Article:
By Senator Robin Webb (KY), President, National Assembly of Sportsmen’s Caucuses Executive Council
Hunting and angling are undoubtedly time-honored traditions, and are a large part of our American heritage. These pursuits provide countless contributions from the original conservationists – hunters and anglers – through substantial economic output and the sound, science-based management of our fish and wildlife resources.
It is for this reason that Congress created National Hunting and Fishing Day in 1972, and as President of the National Assembly of Sportsmen’s Caucuses (NASC), I am proud to join like-minded sportsmen-legislators and Governors from across the country in celebrating the 43rd Annual National Hunting and Fishing Day on Saturday, September 26.
In the most recent U.S. Fish and Wildlife Service study, it was documented that in 2011 alone, 37 million sportsmen and women spent over $90 billion in hunting and angling related expenditures. The $90 billion dollars spent in 2011, relative to for-profit companies, would place them in the top 25 of the Fortune 500 list. The participation numbers in 2011 are equally as staggering and show that annually there are 14 million hunters and 33 million anglers, with 9.4 million participants involved in both activities. These hunters and anglers were in the great outdoors for a cumulative 836 million days that same year and, of those days, 554 million were spent fishing while 282 million were spent hunting.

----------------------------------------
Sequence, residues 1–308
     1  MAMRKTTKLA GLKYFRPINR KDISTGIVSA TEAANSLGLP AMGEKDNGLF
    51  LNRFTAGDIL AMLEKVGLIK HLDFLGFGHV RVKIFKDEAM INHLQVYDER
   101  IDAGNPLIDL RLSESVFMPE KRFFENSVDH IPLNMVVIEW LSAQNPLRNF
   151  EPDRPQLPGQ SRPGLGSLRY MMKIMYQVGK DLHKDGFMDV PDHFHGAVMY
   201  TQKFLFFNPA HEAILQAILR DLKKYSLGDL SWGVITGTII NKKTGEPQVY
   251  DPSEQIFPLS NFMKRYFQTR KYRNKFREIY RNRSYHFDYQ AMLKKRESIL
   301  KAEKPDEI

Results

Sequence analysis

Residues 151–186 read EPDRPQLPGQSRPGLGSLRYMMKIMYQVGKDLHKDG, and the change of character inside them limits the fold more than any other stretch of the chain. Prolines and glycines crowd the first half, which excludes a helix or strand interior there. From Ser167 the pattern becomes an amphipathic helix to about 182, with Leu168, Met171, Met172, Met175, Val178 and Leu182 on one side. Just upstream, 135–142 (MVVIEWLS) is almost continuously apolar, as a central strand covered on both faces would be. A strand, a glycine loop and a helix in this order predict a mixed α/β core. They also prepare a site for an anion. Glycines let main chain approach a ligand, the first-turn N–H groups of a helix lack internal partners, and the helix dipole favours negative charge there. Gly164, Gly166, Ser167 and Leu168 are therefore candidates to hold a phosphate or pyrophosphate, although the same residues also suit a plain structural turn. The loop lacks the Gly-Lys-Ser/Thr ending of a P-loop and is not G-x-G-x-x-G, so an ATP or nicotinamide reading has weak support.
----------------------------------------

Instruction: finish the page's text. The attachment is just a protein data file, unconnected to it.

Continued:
Additionally, hunters and anglers contribute significantly to state-based fish and wildlife management through federal excise taxes on firearms, ammunition, archery equipment, fishing tackle, marine electronics and motorboat fuel, as well as state licenses and tags. Collectively, these funding sources create the American System of Conservation Funding, a unique “user-pays, public-benefits” model that was originally created in 1937 with the Pittman-Robertson Act, and later expanded with the Dingell-Johnson Act in 1950 and the Wallop-Breaux Amendment in 1984.
The American System of Conservation Funding has now produced nearly $57 billion, and represents the lifeblood of state fish and wildlife agencies across the country, providing 80% of all funding. These sportsmen-generated dollars are used to administer hunter and boater safety education; improve access to public lands and waterways; enhance wetlands protection, resulting in associated water filtration and flood retention benefits; and, improved soil and water conservation – all which benefit the American public as a whole.
Today, we celebrate the many and varied benefits that hunting and angling provide for the nation, consumptive and non-consumptive users alike. Enjoy this special occasion, and take advantage of the numerous opportunities to hunt and fish throughout the country. The outdoor traditions of hunting and angling should not be taken for granted, and opportunities to hunt and fish should continue to be abundantly available for future generations. More information on National Hunting and Fishing Day is available at www.nhfday.org.
Studies conducted at both the state and federal level have found that the number of hunters and trappers have been on a generally declining trend over the past several decades. To increase recruitment, retention, and reactivation (R3) of hunters and trappers, which initiative do you think would have the greatest impact?